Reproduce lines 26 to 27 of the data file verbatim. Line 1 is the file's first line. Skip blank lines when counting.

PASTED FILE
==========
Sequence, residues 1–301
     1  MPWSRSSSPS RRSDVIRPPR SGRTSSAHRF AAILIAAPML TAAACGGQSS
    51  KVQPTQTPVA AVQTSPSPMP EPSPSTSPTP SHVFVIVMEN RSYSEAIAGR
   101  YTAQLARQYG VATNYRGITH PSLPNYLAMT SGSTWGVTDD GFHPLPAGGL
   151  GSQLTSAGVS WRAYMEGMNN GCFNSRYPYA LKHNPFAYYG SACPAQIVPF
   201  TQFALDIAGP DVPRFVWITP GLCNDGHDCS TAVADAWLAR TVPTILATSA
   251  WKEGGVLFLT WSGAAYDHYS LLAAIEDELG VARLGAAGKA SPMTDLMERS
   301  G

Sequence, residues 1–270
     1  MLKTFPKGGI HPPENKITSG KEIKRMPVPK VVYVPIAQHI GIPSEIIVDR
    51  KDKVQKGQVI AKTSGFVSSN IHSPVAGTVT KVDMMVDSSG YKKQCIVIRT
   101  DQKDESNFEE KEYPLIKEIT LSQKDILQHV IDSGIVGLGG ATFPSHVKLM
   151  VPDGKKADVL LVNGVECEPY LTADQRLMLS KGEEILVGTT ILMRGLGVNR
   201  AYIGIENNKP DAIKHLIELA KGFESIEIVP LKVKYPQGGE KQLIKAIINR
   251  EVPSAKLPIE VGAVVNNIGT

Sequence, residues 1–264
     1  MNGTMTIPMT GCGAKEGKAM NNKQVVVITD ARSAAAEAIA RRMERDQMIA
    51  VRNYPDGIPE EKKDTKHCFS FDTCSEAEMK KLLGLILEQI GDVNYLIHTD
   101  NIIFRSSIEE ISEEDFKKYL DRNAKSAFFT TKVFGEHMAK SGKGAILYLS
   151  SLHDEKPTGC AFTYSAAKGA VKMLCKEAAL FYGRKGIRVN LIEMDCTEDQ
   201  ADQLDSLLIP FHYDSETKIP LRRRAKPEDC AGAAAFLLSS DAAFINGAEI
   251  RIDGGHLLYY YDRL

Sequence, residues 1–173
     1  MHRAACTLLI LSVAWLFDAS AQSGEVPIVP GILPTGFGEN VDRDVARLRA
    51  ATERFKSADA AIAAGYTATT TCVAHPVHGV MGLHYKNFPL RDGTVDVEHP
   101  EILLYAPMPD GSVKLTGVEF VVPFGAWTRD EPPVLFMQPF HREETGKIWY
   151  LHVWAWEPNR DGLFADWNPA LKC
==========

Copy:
   101  EILLYAPMPD GSVKLTGVEF VVPFGAWTRD EPPVLFMQPF HREETGKIWY
   151  LHVWAWEPNR DGLFADWNPA LKC